Lansing, Mich. — State lawmakers in the House and Senate have unanimously approved House Bill 4982, and it's headed to Governor Rick Snyder's desk this week. The legislation requires the Unemployment Insurance Agency stop depending solely on a computer to determine if a claim is fraudulent. It also seeks to improve the notification process and shorten the time the state can retroactively flag for fraud.
"It's one of the first successful computer launches in the nation for unemployment insurance. Much more effective than our old system."
State representative Roger Victory, a Republican from Hudsonville, introduced the legislation in October 2015, following a series of reports on the plagued system by the FOX 17 Problem Solvers.
Travis Kirby, 28, knows unemployment insurance woes all too well. However, the Hastings man's load just got a lot lighter. The husband and father of two carried a heavy burden for four years, and it started in the unemployment line.
"We came close to loosing our house quite a few times," Amy Kirby, Travis' wife said.
Months after getting approved for benefits, the UIA accused him of unemployment fraud and demanded he repay $3,400 he collected plus penalties and interest. Kirby said the state garnished his wages and intercepted his tax refunds over the past several years, mounting to roughly $18,000.
"They were taking about $500 a month," Kirby said.
Kirby's file transferred from the old system to the new system known as MiDAS — a computer system the state has now admitted to wrongly marking claims as fraudulent. His name was among many that FOX 17 sent to the state for review early on in this investigation.
His story mirrors the many men and women profiled by the FOX 17 Problem Solvers with what would turn out to be false fraud accusations. Like them, he couldn’t get a hearing in front of a judge because of a backlogged system.
"The state's so hard to get a hold of," Kirby said.
In June 2015, the Problem Solvers secured an interview with Stephanie Comai who directed the Talent Investment Agency (TIA) at the time. The TIA oversees the UIA and had a different stance on the MiDAS computer system then.
"Is there a faulty computer system?" the Problem Solvers asked.
Comai responded, "Our computer system is actually very robust. It's one of the first successful computer launches in the nation for unemployment insurance. Much more effective than our old system."
State officials stressed to the Problem Solvers that fraud in the UIA system is a reality. In 2011, the State Auditor General mandated the agency crack down on fraud. The audit showed an estimated $38.5 million in unemployment claims had been lost to fraudsters during the recession.
Over the course of this Problem Solvers investigation, a number of advocates and attorneys have spoken out for their clients. Many said the pendulum for finding fraud swung too far the other way.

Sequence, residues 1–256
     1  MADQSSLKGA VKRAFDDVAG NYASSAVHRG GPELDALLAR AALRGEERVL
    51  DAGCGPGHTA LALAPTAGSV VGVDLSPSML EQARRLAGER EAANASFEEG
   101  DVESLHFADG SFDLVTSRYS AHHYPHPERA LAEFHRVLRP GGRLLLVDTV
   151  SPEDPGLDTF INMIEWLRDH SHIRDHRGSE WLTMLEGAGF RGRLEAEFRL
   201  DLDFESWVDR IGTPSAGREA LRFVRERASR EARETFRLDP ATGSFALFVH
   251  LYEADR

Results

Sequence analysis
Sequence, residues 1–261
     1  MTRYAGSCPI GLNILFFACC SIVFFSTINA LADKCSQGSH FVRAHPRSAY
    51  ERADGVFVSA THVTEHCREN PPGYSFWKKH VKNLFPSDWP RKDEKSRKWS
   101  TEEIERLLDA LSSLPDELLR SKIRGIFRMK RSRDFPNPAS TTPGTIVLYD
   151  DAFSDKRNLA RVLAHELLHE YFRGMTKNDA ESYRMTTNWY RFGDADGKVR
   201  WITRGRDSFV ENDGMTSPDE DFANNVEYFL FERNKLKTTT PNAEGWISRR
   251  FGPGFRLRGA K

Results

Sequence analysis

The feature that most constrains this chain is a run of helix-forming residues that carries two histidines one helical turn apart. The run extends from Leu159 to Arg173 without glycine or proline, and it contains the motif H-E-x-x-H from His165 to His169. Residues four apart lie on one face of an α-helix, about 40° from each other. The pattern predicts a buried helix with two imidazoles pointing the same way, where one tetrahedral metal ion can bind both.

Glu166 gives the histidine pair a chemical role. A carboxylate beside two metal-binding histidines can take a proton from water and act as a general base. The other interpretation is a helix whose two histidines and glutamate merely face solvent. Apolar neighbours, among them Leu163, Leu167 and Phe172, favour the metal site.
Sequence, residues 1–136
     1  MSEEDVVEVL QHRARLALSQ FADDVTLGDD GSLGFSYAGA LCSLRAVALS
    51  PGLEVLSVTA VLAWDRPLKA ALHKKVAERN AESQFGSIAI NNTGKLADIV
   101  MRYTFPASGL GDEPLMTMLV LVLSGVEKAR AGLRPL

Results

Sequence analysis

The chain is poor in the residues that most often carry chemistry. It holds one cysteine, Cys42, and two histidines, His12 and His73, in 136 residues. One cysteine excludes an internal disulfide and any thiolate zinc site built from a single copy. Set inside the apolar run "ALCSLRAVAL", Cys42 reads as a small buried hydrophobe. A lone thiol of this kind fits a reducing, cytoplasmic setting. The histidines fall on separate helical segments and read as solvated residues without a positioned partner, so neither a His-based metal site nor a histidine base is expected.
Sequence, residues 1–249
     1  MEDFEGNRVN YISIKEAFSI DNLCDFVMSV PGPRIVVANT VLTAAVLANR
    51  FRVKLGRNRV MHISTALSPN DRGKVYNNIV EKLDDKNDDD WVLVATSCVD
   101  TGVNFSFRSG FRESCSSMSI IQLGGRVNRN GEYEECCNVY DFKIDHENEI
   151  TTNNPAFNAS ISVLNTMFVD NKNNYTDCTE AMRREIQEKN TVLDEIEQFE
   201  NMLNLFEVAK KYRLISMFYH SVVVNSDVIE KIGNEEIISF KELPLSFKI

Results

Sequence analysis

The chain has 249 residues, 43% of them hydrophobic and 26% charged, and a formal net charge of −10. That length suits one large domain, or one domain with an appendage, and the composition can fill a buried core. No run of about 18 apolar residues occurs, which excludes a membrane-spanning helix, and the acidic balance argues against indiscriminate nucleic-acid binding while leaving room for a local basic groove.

In August 2015, Comai reached out to the FOX 17 Problem Solvers for another interview.
"So we started actually this week with an enhancement to how we're handling fraud cases," Comai said.
In fall 2015, the UIA reviewed 4,337 fraud cases and overturned 85% of them. The agency blamed MiDAS and said it planned to stop solely relying on MiDAS to find fraud. A staffer would start verifying. The Problem Solvers asked Comai what prompted the policy changes.
"Well, I want to thank you for helping us understand what customers were experiencing," Comai credited the Problem Solvers.
State representative Roger Victory then introduced legislation to codify the agency's policy of having a staffer verify a computer's fraud finding.
A slew of public hearings took place this year in front of the House Oversight and Ethics committee. Affected citizens took the opportunity to sound off on the unemployment system. Two state audits also backed up their complaints.
At a hearing in April, UIA director Sharon Moffett-Massey told lawmakers, "We continue to make improvements to the system."
She added, "With any new computer system there are changes. You find things that were programmed and at one point made sense, and you go back and perfect it, continue to perfect it."
After passing both chambers unanimously, the legislation is headed to Governor Snyder's desk to become law this week.
According to the Senate Fiscal Agency, the contingent fund (which stores those garnished wages and tax refunds) increased from $3 million to more than $150 million from 2011 to 2016.
The state legislature previously took notice of the increase and voted to redirect the money to fund skilled trades training programs.
However, Kirby will finally be getting what he paid into that fund. On November 29th of 2016, he finally had a hearing.
Administrative law judge Steven Brown ruled in his favor and overturned the agency's fraud ruling.
"My parents were very supportive," Amy Kirby said.
She added, "There was other situations that were worse and that was what's really the heartache. So we're very blessed and fortunate to get to the point in having a hearing."
"We'd prayed and prayed and prayed, and thank you to Darren that we finally did," she concluded.
Kirby said the state now owes him about $18,000. The Problem Solvers have contacted the UIA to ensure Kirby gets his refund.
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